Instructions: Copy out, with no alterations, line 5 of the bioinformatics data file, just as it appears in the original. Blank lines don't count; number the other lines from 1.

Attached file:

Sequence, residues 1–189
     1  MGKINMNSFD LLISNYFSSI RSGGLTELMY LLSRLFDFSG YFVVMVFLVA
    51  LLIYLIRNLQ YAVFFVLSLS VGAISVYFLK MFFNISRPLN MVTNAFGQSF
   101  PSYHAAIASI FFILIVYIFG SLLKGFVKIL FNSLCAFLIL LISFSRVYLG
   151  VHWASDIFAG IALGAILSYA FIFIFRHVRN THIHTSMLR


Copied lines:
   151  VHWASDIFAG IALGAILSYA FIFIFRHVRN THIHTSMLR